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Business Law: New Administrative Dissolution Processes for California Corporations and LLCs

In the past, it has been all too common for a corporation or a limited liability company (“LLC”) to be formed in California and either never to commence actual business operations, or to close the business after some operations, but the entity is never formally dissolved. State law requires the Franchise Tax Board (“FTB”) to continue to impose a minimum franchise or annual tax for up to 20 years before it is allowed to extinguish the uncollected taxes. As time passes, many business owners simply elect to let their entities remain inactive or suspended rather than pursuing formal dissolution as they do not want to pay the accrued taxes and related interest and penalties. In order to remedy this situation, as of January 1, 2019, California has added new administrative dissolution processes for California corporations and LLCs. The new law created two types of administrative dissolutions: voluntary and involuntary.

Certain corporations and LLCs may apply to the FTB for voluntary administrative dissolution. The benefit of applying for such a dissolution is that an eligible entity need not pay the minimum franchise or annual taxes, interest or penalties relating to any years in which the entity did not actually do business. The two types of entities eligible for this treatment are: (1) a California corporation or LLC that never did business in California at any time after the time of its incorporation or formation; and (2) a California corporation or LLC that conducted business in California but that has ceased doing business and has filed all required California income tax returns for the years in which it did business. To quality, the entity must certify that it did not operate or has ceased operating the business, that there are no remaining assets in the business, and that a certificate of dissolution or cancellation has been filed with the Secretary of State. The abatement of taxes is limited to the years in which the entity did not conduct business. However, if an entity obtains a voluntary administrative dissolution but is found to have continued to do business, the entity is punished by restoration of the abated tax, interest and penalty liability plus a penalty equal to 50% of the restored liability.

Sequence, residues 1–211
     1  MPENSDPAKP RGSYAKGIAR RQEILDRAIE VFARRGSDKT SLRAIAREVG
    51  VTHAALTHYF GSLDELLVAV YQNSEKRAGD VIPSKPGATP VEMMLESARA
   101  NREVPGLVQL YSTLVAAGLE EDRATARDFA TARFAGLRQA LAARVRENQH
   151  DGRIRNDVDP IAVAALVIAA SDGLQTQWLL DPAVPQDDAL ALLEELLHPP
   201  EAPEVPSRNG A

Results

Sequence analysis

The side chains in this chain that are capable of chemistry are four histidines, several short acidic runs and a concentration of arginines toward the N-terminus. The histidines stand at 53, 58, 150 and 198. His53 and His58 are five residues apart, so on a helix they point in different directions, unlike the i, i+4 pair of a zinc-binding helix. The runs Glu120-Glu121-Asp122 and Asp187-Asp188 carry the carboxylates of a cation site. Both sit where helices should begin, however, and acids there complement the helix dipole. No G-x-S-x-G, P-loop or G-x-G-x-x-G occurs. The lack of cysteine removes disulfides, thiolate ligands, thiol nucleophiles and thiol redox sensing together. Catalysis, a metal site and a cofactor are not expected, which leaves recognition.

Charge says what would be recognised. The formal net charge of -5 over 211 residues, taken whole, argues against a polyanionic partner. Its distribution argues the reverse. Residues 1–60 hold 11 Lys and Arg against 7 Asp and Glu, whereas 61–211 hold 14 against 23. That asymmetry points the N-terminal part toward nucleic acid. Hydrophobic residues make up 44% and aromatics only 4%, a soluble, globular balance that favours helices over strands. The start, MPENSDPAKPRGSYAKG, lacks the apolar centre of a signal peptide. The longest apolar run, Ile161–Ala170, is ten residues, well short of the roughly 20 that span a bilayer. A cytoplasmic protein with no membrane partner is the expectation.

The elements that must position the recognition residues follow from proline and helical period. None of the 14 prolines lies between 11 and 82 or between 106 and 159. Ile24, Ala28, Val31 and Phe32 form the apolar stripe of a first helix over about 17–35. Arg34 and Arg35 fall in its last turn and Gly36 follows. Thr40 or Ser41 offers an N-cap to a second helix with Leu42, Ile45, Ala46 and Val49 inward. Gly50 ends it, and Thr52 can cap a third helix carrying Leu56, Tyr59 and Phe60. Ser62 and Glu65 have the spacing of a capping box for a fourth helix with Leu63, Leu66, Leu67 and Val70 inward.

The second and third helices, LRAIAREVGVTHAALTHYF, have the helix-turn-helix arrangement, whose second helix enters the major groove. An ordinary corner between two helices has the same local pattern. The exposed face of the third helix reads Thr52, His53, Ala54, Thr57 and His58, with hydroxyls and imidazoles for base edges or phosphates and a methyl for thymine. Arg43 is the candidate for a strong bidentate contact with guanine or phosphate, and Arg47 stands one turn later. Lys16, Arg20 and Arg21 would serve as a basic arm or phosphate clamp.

The FTB is also authorized to effect involuntary administrative dissolutions for California corporations and LLCs whose entity powers and privileges have been suspended for at least 60 consecutive months. Prior to such a dissolution, the FTB must provide written notice to the entity at its last known address or, if the address is unknown, the Secretary of State is to post a notice on its website. The notice provides a 60-day period in which the subject entity may object to the administrative dissolution and, if a timely written objection is received, the entity then has 90 days to file returns, pay taxes, file a current Statement of Information, and apply for revival of the entity. If these requirements are not timely satisfied, the administrative dissolution is consummated and the minimum franchise and annual taxes, interest and penalties for the period of suspension are abated.

To be clear, an administrative dissolution, whether voluntary or involuntary, does not discharge any liabilities of the dissolved entity to creditors nor any liabilities that directors, shareholders, managers, members or other persons may have related to the dissolved entity. Further, an administrative dissolution does not diminish or adversely affect the ability of the Attorney General to enforce liabilities otherwise provided by law.

Instead, the Legislature’s aim in these processes is to provide a means to get rid of defunct businesses that are unlikely to be revived or to pay the tax liabilities that continue to accrue while they are not actually doing business. The mechanism to abate these liabilities is hoped to induce an entity’s owners to finally dissolve it and involuntary dissolutions will eliminate bureaucratic backlog and clear the FTB’s accounting system of accounts receivable that are unlikely ever to be paid.

That said, do you have any corporations or LLCs sitting on your shelf that might be eligible for, or subject to, administrative dissolution? The attorneys at Poole & Shaffery, LLP would be happy to assist you in navigating through the administrative dissolution processes.